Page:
However, CSOs must make a head start in this alliance; otherwise, they will have a lot of time to kill. That is for two main reasons: first, the fact that there are at least 17 ministries involved in the administration of over 80 laws and decrees, including environmental components. Internal harmonisation within the government is necessary before arranging to partner with others. Second, although a National Environmental Action Plan (2002/2017) for Egypt has been issued, the same document concedes that there is a lack of environmental expertise in the government, claiming that the field is relatively new in Egypt.
Again, the need for ample time and resources for capacity building are implied. This might not be achieved anytime soon, not without professional practices of human resource management in the government to maintain a high calibre. Therefore there is a need for urgent and extensive intervention and support from the organised and enlightened of civil society. Many CSOs have come to prove worthy of being outsourced for environmental activities and they are able to promote ownership and incorporate the social and economic components for sustainability. Examples are multiplying by the day.
The Association for the Protection of the Environment (APE) has conducted truly inspiring programmes in solid waste management in the Zabbaleen area, the city of Cairo's garbage collectors. The programmes additionally integrated components of healthcare, literacy, and computer literacy to empower locals. Today, among the garbage men are many who have travelled abroad, have been featured on international television, and even hosted delegations from developing countries visiting to learn from them. The simple-yet-experienced Zabbaleen manage to swiftly recycle 85 per cent of what they collect, whereas stumbling international companies are increasing landfills and burning waste. The APE NGO managed to break a vicious cycle of poverty, ignorance and social segregation, and today the development has been extended to other parts of Cairo and Sinai.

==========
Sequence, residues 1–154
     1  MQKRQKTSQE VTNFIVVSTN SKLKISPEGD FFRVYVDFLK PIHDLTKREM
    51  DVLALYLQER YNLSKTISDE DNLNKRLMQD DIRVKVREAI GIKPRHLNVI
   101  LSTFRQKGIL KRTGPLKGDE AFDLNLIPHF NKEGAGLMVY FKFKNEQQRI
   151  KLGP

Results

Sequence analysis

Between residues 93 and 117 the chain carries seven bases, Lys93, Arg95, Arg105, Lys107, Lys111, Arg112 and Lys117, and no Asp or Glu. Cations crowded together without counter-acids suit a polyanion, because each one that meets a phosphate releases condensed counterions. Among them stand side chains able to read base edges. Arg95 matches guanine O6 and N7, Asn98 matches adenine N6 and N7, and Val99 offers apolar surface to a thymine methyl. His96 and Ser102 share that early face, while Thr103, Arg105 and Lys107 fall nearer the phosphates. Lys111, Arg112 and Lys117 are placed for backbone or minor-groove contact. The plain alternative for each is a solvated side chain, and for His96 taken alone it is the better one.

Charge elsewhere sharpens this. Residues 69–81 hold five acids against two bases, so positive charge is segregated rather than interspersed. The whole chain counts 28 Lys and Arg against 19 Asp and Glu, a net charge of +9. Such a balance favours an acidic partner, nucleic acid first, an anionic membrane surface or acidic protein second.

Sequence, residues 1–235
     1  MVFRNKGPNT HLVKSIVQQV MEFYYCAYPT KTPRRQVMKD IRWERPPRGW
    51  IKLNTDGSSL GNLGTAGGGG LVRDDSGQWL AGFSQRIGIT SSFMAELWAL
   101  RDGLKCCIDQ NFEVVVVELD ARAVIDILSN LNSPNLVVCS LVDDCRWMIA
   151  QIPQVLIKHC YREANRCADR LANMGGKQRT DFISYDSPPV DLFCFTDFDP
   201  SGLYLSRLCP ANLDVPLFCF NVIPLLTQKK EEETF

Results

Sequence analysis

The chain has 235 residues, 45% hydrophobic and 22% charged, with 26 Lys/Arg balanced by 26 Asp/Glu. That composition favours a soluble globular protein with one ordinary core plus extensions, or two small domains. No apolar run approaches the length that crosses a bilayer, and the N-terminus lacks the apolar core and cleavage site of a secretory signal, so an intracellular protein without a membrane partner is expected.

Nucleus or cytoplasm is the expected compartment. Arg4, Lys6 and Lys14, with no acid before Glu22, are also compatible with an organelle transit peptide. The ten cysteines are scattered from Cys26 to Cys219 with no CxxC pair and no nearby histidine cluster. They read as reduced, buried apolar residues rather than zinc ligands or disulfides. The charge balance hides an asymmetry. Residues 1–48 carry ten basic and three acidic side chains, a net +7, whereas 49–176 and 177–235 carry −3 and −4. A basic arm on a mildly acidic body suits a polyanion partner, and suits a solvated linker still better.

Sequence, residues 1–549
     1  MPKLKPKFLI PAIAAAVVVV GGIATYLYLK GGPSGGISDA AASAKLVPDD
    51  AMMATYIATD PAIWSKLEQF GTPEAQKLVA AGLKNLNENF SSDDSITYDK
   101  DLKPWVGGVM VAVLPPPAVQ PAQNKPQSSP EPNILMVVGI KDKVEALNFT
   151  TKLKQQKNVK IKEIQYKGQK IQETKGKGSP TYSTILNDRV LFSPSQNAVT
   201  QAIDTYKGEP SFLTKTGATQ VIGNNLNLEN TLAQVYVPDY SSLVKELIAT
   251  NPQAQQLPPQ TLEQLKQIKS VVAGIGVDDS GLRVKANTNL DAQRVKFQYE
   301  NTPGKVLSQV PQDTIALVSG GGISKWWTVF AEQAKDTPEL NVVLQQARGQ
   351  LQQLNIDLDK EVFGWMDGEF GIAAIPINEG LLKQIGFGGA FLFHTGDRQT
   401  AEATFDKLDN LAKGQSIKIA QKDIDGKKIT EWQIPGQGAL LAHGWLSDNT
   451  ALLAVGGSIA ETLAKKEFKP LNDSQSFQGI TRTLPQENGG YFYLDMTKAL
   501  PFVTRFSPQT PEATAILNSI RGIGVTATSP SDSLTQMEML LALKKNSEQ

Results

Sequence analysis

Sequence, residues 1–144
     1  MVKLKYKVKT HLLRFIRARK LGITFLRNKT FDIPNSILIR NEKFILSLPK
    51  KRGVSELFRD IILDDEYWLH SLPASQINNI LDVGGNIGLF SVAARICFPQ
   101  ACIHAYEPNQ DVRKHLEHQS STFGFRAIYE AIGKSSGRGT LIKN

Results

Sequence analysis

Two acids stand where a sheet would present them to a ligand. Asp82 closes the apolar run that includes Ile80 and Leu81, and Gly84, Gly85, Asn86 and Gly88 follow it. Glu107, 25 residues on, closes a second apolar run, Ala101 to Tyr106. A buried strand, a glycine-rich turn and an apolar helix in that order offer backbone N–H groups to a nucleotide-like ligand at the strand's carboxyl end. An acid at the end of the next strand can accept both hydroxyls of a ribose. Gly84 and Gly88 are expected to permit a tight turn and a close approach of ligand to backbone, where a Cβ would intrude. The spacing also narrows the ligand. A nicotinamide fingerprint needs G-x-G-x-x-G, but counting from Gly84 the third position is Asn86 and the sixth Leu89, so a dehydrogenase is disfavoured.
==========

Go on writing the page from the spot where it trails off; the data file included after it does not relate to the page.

The Friends of the Environment Association (FEA) is a civil society advocacy group based in Alexandria. It has won several cases against the government and the private sector on environmental matters. One of their successful campaigns put an end to dumping in Lake Maryut, saving an entire local economy dependent on fishing and putting an end to the deteriorating health of thousands of fishermen and residents.